The CPK-United BV (also an ICSTE founding member) training facility in Hilversum, The Netherlands gears its curriculum towards fashion retail, hospitality (hotel and nightclubs) and port security guard activities and executive protection.
Tactics for patrolman and SWAT are taught by former police officers at the Greenville, NY training center, where a firing range and urban mock-up are on site.
In 2017, HSS’s Physical Security Engineering Training and Certification (PSET&C) program was recognized as the Best Homeland Security Education Program, by American Security Today and received a coveted Platinum ‘ASTORS’ Award.
More information about ABRA, CAIRA, ICSTE or other services can be found on the company’s website at www.hainessecuritysolutions.com.
Haines Security Solutions is a contributor to the Security Industry Association’s education platform, “Center of Excellence” at https://www.securityindustry.org/center-of-excellence/.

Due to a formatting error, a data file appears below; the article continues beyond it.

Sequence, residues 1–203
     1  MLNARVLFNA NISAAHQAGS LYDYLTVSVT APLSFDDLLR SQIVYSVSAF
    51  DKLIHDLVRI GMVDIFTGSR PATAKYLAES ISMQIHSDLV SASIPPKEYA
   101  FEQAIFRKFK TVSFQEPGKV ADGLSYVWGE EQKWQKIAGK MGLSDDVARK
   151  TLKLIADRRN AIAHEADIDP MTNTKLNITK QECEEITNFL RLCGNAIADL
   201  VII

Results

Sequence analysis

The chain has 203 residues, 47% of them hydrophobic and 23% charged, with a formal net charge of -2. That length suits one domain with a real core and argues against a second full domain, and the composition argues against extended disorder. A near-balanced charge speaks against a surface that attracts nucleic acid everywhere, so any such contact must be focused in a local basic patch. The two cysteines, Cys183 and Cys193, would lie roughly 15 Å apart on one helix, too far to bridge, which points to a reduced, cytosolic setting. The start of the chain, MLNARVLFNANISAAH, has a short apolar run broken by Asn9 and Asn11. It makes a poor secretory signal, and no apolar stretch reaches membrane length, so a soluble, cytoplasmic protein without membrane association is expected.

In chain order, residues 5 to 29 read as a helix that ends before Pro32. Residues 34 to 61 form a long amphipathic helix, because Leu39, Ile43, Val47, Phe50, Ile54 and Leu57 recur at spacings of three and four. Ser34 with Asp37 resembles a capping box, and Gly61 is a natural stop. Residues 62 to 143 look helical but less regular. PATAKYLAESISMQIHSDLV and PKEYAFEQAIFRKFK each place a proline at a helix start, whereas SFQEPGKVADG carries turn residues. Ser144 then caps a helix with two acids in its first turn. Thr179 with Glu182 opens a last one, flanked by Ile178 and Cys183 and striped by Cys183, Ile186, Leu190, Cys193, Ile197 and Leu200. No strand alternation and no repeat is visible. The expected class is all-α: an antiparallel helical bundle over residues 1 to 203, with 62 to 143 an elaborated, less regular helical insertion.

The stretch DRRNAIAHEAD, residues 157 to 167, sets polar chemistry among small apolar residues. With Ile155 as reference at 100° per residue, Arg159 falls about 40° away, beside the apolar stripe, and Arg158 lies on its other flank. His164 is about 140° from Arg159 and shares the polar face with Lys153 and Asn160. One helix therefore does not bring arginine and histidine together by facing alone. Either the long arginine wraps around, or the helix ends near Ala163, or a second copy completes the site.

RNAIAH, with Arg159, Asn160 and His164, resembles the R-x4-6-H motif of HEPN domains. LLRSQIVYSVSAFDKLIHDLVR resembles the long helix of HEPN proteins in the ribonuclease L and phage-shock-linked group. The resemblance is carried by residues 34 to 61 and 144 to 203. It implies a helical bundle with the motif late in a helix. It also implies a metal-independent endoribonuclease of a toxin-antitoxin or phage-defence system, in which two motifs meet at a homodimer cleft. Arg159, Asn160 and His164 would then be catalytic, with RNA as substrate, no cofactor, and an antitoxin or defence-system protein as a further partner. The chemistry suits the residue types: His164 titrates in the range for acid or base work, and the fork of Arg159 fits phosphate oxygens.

Haines Security Solutions (HSS) Honored in 2019 ‘ASTORS’ Homeland Security Awards for Fourth Consecutive Year
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Haines Security Solutions (HSS) is a veteran owned company that specializes in providing high-quality professional security consulting services relating to antiterrorism and personal protection.
HSS has extensive experience in developing security criteria for businesses and government agencies, and conducts asset specific threat/vulnerability and risk analysis using quanitative risk analysis and provides sensible mitigation strategies.
HSS conducts security engineering workshops and a variety of other security related training around-the-globe. Key Staff assists with the development of training plans, drills and exercise curriculum.
Learn More by visiting https://www.hainessecuritysolutions.com/.